Baggy Wrinkles

Baggy Wrinkles
S/V Nautica, Hull #614, Built at Whitby Boatworks Ltd., Ontario, Canada 1977, one of the most recognizeable Carl Alberg designs. A masthead sloop displacing 9000 lbs, keel hull, Yanmar 15 hp diesel, LOA 30.27 Beam 8.75, Draft 4.29, roller furling headsail, tiller, berths for 4, interior teak bulkheads, teak cap rail and cockpit teak coamings, 12 volt lighting, aluminum mast support, Harken self tailing winches, in its day was designed for customers as a Cruiser-Racer, the Alberg 30 remains a Classic design of the modest Alberg inventory.

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Monday, July 4, 2016

Waiting on the Alberg to arrive

So the wait goes on this sweltering 4th of July...

As we count the days for the Alberg 30 to arrive in the Southern USA, the oppressive summer heat is broken only by afternoon thunderstorms brewed by the combination of heat on the ground and cool circulation above.  But it's an expected heat that comes every summer this time of the year.

Preparing for the arrival of the Alberg, I've begun to prioritize my inspection list developed from the Survey findings and our personal observation while visiting Nova Scotia in May.

As viewed in May in this photo, it presents very well as seen in this view of the main cabin, the sole inserts cover bilge and extra holding areas, covers are adequate if not fancy, and the wood is clean and well cared for.  Additional reading on Alberg websites helps to direct my planning to examine other items such as the mast support which extends above the forward V berth compartment hatchway, and the chain-plate refit of larger bolts, redone by many to provide certain assurance for an aging vessel.  Without seeing the vessel again first-person, I am still putting together this "punch list:"

  • Inspect propeller shaft and bearing seals aft for prop
  • validate through-hull(s) integrity
  • examine and/or replace sea cocks, valves and tubing
  • validate and/or re-put cabin porthole caulking
  • inspect, evaluate and/or fix arch support underneath mast below decks
  • inspect electrical circuitry, install in-line connectors, validate guages
  • inspect diesel, test, replace identified items
  • examine rigging for identified weaknesses
  • validate bottom paint and exterior below waterline items like zincs, rudder
  • clean, prep and polish hull above the water line
  • evaluate teak condition and prioritize remedies
  • examine boat cover for redesign to function as mooring cover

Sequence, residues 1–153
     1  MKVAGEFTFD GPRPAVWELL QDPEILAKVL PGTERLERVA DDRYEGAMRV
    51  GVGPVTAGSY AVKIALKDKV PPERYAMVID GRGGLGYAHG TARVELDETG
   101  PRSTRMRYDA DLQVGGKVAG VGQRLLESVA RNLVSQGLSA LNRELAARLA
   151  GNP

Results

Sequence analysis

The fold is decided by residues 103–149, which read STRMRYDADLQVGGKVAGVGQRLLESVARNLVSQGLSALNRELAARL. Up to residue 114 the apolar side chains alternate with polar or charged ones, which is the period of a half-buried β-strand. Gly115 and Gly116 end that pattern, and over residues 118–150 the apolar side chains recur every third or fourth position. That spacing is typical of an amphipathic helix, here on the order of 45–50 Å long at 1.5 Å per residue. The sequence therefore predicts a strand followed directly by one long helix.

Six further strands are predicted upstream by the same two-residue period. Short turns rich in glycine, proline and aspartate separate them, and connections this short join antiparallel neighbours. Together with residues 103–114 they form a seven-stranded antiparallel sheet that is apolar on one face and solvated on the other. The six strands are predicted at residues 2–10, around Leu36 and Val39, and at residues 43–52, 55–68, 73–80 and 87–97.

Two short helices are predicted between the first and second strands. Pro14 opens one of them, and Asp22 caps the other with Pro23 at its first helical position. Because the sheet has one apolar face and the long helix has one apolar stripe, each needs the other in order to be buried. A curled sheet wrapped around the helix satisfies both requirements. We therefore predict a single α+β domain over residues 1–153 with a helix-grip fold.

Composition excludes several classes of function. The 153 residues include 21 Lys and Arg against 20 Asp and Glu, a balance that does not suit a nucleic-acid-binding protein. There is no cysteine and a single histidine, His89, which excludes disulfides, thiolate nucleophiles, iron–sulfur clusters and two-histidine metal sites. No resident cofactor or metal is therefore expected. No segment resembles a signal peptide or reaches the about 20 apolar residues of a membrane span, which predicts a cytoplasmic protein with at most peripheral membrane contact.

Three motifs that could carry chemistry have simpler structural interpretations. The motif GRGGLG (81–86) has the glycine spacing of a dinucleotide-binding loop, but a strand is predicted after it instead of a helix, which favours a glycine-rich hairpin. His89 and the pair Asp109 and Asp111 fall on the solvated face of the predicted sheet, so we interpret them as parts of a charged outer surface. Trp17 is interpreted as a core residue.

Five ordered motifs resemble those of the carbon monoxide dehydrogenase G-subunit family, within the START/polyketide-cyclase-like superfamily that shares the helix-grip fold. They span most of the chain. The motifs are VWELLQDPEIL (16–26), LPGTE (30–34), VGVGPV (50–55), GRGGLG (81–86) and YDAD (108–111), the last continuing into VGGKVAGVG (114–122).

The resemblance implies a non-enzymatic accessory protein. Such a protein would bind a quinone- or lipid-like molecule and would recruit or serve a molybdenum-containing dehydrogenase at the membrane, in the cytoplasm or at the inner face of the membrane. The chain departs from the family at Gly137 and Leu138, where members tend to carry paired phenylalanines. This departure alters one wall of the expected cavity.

That's a good start list I think.  You can see what's on my mind by reading the items placed here in order of priority.  Some items may be deferred to while she is in her slip at the club, while others have to be identified and remedied before she is splashed.

There must be a way to hide these unsightly wires?  I wonder if those port-lights are weather resistant? I like the air-horn but don't think it needs to remain on the shelf inside.  Small stuff not worth much energy right now.

As the photo above shows, she's in very good condition although a bit aged in appearance, sort of like me.  Looks as though some circuit planning, instrument evaluation and wish-list, and design thoughtfulness, will all be good "on the hard" projects for the way-ahead during this long hot summer.

I recall years ago when peg-board was 'state of the art' for garage work areas.  I think we'll remedy this with something a bit more suitable of this vessels stature of design.  I think teak strips would look good here.

This Alberg is dated with its "peg-board" interior.  But for now, that's ok.  I can see refitting that later as we become more comfortable with sailing her, and we have an idea what would "feel good" below decks for that.  Plus, the good thing with the peg board is it provides nearly perfect templates for the areas needing refitting or updating.  Since the survey was very complete, the analysis of the surveyor was to first, "sail the boat" and leave some of these refit items to later.  I think the Acadians' comments were due to their short sailing season; just to be humorous.  But the fact is, the boat is in very good condition, a great vessel to build upon, sort of like Baggy Wrinkles was. 

Ballast of 9,000 pounds, this Alberg is quite hefty for her 30' LOA
Even the trailer will need some attention when she arrives as the owner told me her tires were 15 years old!  That might be important I'd think.

So we wait for the transport to arrive, sometime now in July, we'll offload her, and carefully tow her to the yacht club and set her on the hard for this "checklist" period.  The mast will be down, and due to her size, this will be an ideal period to do the "strengthening" issues before rigging again.  The most bothersome thing will be the heat, which in summer here, is quite intense.  I'll also look into some sort of provisional canopy to protect her a bit while I may have to be below decks working in during the day.  

Pretty soon we hope to see this view of the Alberg, taken before she was lifted onto her trailer for travel south, in a slip at our club.  As I've said, she looks like a Cape Dory Typhoon on steroids with the very similar lines.  But then that is not a surprise as they are both Albergs.